Finally, when a school chooses to move toward greater formality in a world that is increasingly less formal, we have to ask what type of student we will attract and what type of student will run in the other direction. The only students we will attract are those that are already comfortable with wealth and formality. Why choose a dress code that forces conformity and distances anyone who might bring a unique perspective to our community? At a time when most of the world, including the colleges that Deerfield students aspire to, is increasingly honoring individuality, Deerfield appears tone-deaf as it leans even further in the direction of collective uniformity.
I’ve been debating the nuances of a formal dress code here, but this really begs the question of why we need a formal dress code in the first place. Many will say that it’s our “tradition,” but why do we need to adhere to tradition? Tradition is ever-changing and should not constrain Deerfield’s potential to finally enter the 21st century. Coeducation used to be counter to Deerfield’s “tradition,” but I hope we all agree that it was the right call. Times are changing, and formal dress codes no longer make sense in the context of a society where acceptable dress is more nuanced and fluid than ever before.
The standard argument is that Deerfield’s dress code prepares students for the “real world,” but the truth is that it doesn’t teach me how to dress to be a surgeon or a Silicon Valley CEO (hello Mark Zuckerberg’s T-shirt collection). Plus, if there were even a kernel of truth to this argument, colleges would have dress codes and our female faculty members would be expected to wear a blazer as well.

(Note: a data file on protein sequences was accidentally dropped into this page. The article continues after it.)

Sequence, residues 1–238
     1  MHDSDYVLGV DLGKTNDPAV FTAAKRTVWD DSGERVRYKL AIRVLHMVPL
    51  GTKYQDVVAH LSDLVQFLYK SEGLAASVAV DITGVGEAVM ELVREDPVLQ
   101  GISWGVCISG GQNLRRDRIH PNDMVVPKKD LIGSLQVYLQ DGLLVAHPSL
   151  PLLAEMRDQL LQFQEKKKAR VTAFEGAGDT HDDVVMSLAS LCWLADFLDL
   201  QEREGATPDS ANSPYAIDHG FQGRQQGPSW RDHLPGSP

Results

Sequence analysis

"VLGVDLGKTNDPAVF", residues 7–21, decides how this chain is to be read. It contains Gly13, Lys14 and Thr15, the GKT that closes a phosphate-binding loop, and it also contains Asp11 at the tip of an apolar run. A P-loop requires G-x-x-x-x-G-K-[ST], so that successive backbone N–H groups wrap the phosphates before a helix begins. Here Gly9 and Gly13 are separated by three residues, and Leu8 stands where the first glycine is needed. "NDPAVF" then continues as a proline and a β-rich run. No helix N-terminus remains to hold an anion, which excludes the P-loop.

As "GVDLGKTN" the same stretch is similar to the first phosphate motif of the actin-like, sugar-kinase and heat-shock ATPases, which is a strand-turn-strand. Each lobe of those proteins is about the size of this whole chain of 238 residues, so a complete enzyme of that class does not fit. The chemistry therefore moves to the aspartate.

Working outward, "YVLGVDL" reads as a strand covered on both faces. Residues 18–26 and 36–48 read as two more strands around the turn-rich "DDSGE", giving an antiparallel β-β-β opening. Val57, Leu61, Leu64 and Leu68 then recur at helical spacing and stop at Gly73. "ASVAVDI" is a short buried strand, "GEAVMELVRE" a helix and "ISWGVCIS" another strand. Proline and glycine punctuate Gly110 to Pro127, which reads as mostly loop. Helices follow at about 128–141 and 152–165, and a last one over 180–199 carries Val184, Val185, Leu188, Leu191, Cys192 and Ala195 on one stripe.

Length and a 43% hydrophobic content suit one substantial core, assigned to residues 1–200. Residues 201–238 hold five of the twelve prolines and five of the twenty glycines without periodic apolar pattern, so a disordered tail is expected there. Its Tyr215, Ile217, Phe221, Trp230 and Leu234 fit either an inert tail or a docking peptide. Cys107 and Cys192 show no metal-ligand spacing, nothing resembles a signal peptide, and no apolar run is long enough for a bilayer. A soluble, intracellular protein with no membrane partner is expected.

Other schools are keeping up with the 21st century and changing their dress codes to reflect more fluid trends in clothing styles. You either keep up with the times or get left in the dust, and Deerfield is getting left in the dust in its stubborn adherence to outdated traditions that are illogical in the context of modern society.
We can debate dress code and tradition all day and come up with no good solution. But more importantly, why is the Board even involved in a discussion about dress code? Why can’t we rely on our highly educated and experienced faculty and administration (who in many cases have been associated with Deerfield for longer than the trustees have been) to make decisions that affect a community they are intimately involved with on a day-to-day basis? Why do the trustees feel the need to insert themselves into issues far more reasonably entrusted to the faculty?
To Dr. Austin: I have immense respect you. I gave you your first tour of Deerfield’s campus last summer. I was rooting for you to be chosen as Deerfield’s new Head of School. You are perfect for Deerfield, and I wish you every success in your new role. But my hope is that Deerfield girls won’t make this easy on you because the Board is sending Deerfield in the wrong direction. Had this been the dress code when I applied, I’m not sure I ever would have felt welcome on this campus.
To Deerfield Girls: As Dylan Thomas wrote, “Do not go gentle into that good night.”